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Explains the sample extension.
The sample extension is included in the code base so that you can copy it and get started on writing your own extension. After you copy it, make sure you change its name inside its module/MOD-INF/controller.js file.
The sample extension's code is in refine/extensions/sample/. In that directory, Java source code is contained under the src sub-directory, and webapp code is under the module sub-directory. Here is the full directory layout:
The sub-directory MOD-INF contains the Butterfly module's metadata and is what Butterfly looks for when it scans directories for modules. MOD-INF serves similar functions as WEB-INF in other web frameworks.
Java code is built into the sub-directory classes inside MOD-INF, and supporting external Java jars are in the lib sub-directory. Those will be automatically loaded by Butterfly. (The build.xml script is wired to compile into the classes sub-directory.)
Client-side code is in the inner module sub-directory. They can be plain old .html, .css, .js, and image files, or they can be LESS files that get processed into CSS. There are also Velocity .vt files, but they need to be routed inside MOD-INF/controller.js.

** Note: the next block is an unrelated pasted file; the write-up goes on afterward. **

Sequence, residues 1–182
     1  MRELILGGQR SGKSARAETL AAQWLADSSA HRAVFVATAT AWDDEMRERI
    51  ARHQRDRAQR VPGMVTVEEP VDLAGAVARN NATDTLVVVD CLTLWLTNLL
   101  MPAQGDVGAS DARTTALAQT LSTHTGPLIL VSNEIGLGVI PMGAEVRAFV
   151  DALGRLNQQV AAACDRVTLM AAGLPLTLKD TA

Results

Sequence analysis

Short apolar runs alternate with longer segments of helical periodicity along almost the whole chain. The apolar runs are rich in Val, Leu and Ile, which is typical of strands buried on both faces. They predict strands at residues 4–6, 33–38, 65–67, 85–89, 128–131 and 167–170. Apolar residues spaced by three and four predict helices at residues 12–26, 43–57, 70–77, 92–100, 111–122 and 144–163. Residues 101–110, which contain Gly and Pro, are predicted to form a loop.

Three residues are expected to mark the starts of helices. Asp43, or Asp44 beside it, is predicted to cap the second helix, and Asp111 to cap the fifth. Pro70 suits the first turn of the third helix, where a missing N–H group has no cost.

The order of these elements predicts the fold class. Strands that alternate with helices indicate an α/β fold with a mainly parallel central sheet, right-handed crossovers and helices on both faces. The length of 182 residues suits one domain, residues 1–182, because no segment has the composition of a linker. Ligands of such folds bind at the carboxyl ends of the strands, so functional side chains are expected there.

The init() function in controller.js allows the extension to register various client-side handlers for augmenting pages served by Refine's core. These handlers are feature-specific. For example, here is where and how the jython extension adds its parser. As for the sample extension, it adds its script project-injection.js and style project-injection.less into the /project page. If you [view-source:http:localhost:3333/project view source the /project page], you'd see references to those two files.
Wiring Up the Extension
Butterfly is able to locate the sample extension because of the path provided in butterfly.properties. Butterfly simply descends into each of those paths and look for MOD-INF directories.
For more information, see Extension Points.